(Note: if you have an issue with hunting, i.e., you don’t like it and think it cruel and generally anti-environmental, I invite you to read my series of articles, Why Hunt?)
Today, I was going to go do some deer hunting. I don’t have to go far. I can get to my favorite areas within an hour or so. I only have been out once this month (in this area of Alberta, the deer season is generally open from Nov. 1 to 30) to learn that late season moose hunters were dominating the landscape. Now, I don’t mind running into the odd hunter. I deer hunt mostly by myself and the occasional contact with a fellow hunter can be a pleasant event. But when there’s a bunch of them and I have to plan my hunting strategy mainly to avoid running into them (for our mutual benefits), I find this can be frustrating. So, I’ve been letting the early season mostly pass, hoping the moose hunters either get their moose or become frustrated (or run out of mid-week days off) and leave. This usually happens at about the second week of the month. Also, the deer rut does not come into full effect until about the third week.
Now, being a confirmed and passionate white-tailed deer hunter, I like to be out in the early season to learn where the bucks have established their scrape trails and figure out where the does and fawns are hanging out. Then, as the rut builds, I know where I need to be to ambush a quality buck. So, I do appreciate getting out as early as possible–let’s face it I like to walk in the fall bush and watch what’s happening.
Today, I woke up early to the sound of howling wind (Environment Canada reports 70 km with gusts to 100 km). Wind is generally not an issue with me concerning deer hunting. I like at least a little breeze so I know where my scent is going. But when the wind builds to whole gale force, I feel I’m at a distinct disadvantage.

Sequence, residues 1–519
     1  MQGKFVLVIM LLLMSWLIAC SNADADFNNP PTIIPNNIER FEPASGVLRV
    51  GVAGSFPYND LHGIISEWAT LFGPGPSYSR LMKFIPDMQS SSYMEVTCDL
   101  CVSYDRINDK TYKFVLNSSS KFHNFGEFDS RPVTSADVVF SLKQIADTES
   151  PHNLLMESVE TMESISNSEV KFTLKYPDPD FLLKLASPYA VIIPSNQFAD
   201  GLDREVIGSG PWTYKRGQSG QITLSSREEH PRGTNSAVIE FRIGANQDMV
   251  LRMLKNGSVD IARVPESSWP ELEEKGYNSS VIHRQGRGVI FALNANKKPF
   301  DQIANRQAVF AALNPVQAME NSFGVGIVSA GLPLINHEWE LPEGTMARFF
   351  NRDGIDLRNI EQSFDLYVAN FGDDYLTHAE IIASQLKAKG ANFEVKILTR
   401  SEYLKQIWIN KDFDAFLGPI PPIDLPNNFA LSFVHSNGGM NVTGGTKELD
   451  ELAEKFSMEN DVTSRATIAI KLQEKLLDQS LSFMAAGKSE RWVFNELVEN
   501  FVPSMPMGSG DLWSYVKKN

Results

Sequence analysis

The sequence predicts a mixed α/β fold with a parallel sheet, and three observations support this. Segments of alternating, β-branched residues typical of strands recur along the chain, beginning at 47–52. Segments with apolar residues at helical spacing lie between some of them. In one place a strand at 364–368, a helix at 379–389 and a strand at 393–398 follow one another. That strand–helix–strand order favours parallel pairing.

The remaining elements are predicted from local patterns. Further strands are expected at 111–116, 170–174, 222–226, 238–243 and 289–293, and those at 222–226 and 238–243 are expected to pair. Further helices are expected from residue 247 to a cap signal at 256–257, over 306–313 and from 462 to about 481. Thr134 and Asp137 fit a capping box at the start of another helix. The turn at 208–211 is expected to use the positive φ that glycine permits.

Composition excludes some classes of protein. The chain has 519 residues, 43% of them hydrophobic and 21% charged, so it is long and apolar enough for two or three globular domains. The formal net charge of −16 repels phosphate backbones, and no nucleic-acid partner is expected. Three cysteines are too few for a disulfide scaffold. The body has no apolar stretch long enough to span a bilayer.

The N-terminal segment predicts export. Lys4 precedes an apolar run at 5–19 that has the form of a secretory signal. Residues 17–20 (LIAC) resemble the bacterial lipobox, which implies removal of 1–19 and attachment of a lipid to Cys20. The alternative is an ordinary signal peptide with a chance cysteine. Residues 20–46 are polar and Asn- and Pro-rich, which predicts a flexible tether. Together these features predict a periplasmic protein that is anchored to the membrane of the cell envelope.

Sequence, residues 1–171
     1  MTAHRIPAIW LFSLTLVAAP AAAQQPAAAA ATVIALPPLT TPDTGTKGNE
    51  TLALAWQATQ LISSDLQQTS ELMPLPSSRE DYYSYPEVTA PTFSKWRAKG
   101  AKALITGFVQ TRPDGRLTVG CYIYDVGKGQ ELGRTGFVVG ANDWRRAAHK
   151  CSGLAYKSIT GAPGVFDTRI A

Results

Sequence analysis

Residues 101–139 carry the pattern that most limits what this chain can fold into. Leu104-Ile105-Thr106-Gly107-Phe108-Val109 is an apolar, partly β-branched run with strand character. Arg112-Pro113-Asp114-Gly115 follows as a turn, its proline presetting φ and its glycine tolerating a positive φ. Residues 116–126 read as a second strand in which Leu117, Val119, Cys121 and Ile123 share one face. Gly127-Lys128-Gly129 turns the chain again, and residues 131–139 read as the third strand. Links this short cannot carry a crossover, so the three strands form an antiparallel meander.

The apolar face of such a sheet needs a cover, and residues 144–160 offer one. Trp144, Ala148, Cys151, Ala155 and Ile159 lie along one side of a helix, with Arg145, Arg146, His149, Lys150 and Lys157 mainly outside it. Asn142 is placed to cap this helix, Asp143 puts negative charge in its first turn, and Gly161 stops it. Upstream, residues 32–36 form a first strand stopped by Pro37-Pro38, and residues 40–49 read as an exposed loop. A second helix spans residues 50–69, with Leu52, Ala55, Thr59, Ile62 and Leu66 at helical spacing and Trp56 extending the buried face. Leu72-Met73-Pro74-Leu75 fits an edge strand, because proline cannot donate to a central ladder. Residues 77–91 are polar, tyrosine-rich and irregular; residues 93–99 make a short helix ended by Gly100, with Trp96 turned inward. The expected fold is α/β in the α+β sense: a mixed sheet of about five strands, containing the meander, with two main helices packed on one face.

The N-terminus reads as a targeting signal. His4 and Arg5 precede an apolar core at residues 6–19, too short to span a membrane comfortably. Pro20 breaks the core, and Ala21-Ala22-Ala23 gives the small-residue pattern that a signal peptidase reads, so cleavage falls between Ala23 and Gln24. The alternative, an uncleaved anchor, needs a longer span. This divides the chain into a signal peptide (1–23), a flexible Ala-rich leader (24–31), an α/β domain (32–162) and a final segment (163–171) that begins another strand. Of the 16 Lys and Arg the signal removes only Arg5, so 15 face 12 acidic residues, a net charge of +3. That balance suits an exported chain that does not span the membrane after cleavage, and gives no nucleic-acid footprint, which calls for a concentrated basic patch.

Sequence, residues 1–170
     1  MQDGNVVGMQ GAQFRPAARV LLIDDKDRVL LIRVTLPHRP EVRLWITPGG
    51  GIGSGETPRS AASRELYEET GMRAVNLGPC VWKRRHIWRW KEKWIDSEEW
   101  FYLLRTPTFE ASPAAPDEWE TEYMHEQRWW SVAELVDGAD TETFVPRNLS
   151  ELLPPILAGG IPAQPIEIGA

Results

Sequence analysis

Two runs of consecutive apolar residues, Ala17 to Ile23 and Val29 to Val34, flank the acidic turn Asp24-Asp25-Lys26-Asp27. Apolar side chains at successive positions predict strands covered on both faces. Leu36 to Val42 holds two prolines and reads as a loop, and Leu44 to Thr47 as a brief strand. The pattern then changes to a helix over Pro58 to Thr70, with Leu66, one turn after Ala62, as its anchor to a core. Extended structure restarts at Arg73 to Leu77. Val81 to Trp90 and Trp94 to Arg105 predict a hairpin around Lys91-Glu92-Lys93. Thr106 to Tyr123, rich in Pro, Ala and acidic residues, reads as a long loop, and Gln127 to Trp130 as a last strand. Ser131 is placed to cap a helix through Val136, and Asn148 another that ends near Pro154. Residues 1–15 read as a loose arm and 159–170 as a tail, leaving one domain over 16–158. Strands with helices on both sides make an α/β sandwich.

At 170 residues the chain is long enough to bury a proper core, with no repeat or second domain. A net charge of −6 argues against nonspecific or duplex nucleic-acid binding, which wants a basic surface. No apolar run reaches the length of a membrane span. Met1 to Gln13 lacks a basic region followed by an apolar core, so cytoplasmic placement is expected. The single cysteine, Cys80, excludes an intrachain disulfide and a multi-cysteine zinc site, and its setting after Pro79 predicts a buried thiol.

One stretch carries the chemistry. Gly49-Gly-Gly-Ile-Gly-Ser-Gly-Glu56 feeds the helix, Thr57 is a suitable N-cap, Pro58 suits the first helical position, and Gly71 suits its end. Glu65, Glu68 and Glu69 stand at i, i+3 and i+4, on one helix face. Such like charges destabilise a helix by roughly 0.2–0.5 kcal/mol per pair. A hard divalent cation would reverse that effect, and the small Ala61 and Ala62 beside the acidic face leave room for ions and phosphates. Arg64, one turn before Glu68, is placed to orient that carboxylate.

Despite what you might hear, wild deer have the advantage in the hunting game. They know their habitat far better than we ever will. They have built in senses and behavior that protects from we bumbling, noisy human hunters.
Generally a high wind (not gale force) is helpful to the hunter. If the bush is noisy (crunchy snow or leaves under foot), wind tends to cover these noises. On the other hand, wind tends to cover the noises of approaching deer. However, when the wind get to gale force, both man and deer are at distinct disadvantage. Deer use their nose and ears to great advantage. High winds restrict these senses. It is my experience that deer go to ground when these winds occur. They place themselves in deep bush, where the wind is restricted and any approaching predator must make sufficient noise to alert them.
In these winds, the only deer I’ve found are those I’ve rousted out of their beds in the deep woods. The opportunity of a good shot is rare. At this stage of my hunting career, I hunt for the good shot. I do not take shots at running game, unless I’m very sure of my shot placement.
Also an issue in high wind is its effect on bullet travel. Now, I generally shoot at 100 metres or less in distance, but even at 25 or 30 m high wind can affect the travel of a bullet.
Last, and in my books definitely least in my considerations, there is danger of falling trees. Even in moderate windy conditions I have watched many a tree suddenly snap and fall to the ground. These happen very fast, and as far as I am concerned, it would be difficult to get out of the way if you had the presence of mind to do so (and how do you figure fast enough 1) you are in its path and 2) you can get out of its way).
So, that’s why I am not hunting today. These gale force winds are predicted for the remainder of the day. I will sit it out, get some work done here at home, and give it a go tomorrow.
So, what’s wrong with that?
Post Script: I wrote a subsequent article, “Hunting the Wind” in September of 2010.